We may not be able to draw the line with precision, but we can always say on which side of it any particular case falls … Where, again, is the line to be drawn? Only where “in the particular case the good sense of the judge decides.”” This was applied by the Court of Appeal in Spartan Steel & Alloys Ltd v. Martin & Co. (Contractors) Ltd [1973] 1 QB 27. The defendants’ employees were digging up a road when they negligently damaged an electric cable. The defendants knew that this was the direct supply from the power station to the claimants’ factory. The claimants were without electricity until the Electricity Board was able to repair the cable and, immediately the power supply failed, they had to pour molten metal out of their furnace to prevent the metal solidifying and damaging it. As the claimants could not keep the metal at the correct temperature and complete the “melt”, the metal depreciated in value by £368 and they lost a profit from the sale of the metal from that melt of £400. They could also have completed four further melts during the power cut and their loss of profit from those melts was £1,767. In an action for negligence against the defendants, the claimants claimed all three sums as damages, a total of £2,535. ...read more.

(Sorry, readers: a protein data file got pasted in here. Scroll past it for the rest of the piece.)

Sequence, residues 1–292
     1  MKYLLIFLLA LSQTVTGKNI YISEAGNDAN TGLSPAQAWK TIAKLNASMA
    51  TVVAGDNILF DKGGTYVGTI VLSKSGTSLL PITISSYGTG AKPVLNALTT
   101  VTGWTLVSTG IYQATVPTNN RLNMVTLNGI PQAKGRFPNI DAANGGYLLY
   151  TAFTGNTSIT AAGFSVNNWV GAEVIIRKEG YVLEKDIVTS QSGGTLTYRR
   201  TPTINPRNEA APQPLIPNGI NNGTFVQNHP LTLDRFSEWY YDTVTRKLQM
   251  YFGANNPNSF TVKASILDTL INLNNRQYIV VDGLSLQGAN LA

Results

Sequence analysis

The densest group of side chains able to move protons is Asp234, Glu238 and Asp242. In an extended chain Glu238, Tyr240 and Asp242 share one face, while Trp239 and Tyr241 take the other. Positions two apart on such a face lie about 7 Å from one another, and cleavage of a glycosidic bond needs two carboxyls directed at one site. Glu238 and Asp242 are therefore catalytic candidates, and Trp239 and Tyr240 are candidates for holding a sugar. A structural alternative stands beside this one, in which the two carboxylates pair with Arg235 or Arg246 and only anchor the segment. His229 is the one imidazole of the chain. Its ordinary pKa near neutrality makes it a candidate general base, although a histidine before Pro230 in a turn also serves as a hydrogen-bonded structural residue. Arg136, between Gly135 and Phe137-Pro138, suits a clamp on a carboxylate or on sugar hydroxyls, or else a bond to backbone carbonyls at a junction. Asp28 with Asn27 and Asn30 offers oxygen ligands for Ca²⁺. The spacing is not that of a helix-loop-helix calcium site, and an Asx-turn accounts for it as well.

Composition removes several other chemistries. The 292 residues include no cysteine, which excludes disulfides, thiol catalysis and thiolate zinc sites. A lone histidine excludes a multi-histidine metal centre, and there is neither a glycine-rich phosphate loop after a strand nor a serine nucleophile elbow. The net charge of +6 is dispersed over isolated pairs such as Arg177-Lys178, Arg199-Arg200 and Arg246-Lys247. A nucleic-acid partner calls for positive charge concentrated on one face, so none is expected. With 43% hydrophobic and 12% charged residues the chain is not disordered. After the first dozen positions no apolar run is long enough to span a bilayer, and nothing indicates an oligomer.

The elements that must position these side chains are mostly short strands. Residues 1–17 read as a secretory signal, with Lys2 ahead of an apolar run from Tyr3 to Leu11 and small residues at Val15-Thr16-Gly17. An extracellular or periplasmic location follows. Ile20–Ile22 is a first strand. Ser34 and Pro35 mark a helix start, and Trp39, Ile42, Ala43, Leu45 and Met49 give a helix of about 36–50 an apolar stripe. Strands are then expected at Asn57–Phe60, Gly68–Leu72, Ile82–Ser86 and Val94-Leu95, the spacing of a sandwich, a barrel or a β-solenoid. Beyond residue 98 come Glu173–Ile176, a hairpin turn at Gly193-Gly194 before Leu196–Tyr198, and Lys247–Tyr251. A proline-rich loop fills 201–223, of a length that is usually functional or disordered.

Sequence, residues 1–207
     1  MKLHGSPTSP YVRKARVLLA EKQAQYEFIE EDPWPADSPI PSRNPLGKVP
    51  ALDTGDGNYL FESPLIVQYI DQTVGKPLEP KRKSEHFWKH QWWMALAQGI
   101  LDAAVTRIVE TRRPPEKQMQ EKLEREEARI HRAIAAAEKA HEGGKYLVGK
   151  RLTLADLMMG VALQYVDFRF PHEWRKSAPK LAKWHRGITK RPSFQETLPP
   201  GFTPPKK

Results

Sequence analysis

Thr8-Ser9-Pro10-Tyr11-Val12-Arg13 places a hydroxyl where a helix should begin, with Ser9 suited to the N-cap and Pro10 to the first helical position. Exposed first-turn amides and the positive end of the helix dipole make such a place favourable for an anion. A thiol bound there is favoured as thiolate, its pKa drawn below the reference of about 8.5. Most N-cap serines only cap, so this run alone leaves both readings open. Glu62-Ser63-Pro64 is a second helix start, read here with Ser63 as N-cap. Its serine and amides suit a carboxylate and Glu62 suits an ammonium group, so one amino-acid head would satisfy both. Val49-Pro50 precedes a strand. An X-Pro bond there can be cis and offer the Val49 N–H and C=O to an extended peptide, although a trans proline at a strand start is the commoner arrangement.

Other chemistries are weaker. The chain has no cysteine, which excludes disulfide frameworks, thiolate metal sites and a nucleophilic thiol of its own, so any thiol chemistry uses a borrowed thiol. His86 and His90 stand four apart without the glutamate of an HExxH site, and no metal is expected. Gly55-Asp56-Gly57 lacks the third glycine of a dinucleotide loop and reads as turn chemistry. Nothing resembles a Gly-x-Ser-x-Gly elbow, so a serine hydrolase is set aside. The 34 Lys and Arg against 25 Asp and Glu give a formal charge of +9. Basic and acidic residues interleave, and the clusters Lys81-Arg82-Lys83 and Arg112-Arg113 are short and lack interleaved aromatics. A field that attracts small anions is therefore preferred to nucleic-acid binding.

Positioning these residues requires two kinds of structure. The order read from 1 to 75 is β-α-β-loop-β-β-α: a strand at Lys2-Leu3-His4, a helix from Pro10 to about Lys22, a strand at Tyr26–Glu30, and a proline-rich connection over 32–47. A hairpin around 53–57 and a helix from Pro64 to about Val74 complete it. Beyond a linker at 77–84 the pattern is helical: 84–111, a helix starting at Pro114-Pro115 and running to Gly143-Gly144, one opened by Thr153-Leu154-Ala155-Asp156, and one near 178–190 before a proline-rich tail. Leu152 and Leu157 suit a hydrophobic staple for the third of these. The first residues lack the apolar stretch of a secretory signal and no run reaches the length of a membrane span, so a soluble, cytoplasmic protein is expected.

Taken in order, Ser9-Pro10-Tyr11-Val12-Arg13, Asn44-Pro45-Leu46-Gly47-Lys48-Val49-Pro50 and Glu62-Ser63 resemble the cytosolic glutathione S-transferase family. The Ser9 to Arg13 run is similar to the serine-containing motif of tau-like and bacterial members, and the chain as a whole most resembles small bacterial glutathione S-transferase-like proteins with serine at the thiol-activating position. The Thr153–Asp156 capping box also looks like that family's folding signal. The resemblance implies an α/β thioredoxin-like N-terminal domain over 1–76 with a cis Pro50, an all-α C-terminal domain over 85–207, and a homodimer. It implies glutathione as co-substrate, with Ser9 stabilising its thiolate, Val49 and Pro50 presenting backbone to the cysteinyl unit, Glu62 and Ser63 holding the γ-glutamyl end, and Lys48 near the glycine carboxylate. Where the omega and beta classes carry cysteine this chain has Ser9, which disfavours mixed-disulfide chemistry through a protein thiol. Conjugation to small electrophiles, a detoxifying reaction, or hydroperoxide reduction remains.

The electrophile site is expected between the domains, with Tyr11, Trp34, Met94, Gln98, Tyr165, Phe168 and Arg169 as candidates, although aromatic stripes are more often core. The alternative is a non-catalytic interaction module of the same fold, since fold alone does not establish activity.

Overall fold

Conclusion

Church Commissioners for England and Wales [1988] 2 All ER 992. The Hyde Park Property Development Co. Ltd, which went into liquidation in October 1980, employed Wates Ltd to build a block of flats in West London. Wates Ltd employed a sub contractor to do the plastering work in the flats. The plastering work was carried out negligently. The block of flats was sold to the Church Commissioners. The Church Commissioners leased one of the flats to D & F Estates, who let the flat to Mr and Mrs Tillman. Fifteen years after the flats were built, the plaster began to come away from the walls. The claimants sued the church Commissioners and Wates Ltd. Here action failed in the House of Lords. Lord Bridge said: ?If a builder erects a structure containing a latent defect which is dangerous to persons or property, he will be liable in tort for injury to persons or damage to property resulting from that dangerous defect. But if the defect becomes apparent before any injury or damage has been caused, the loss sustained by the building owner is purely economic. The loss can be recovered if it flows from breach of a relevant contractual duty, but in the absence of a special relationship of proximity it is not recoverable in tort.? ...read more.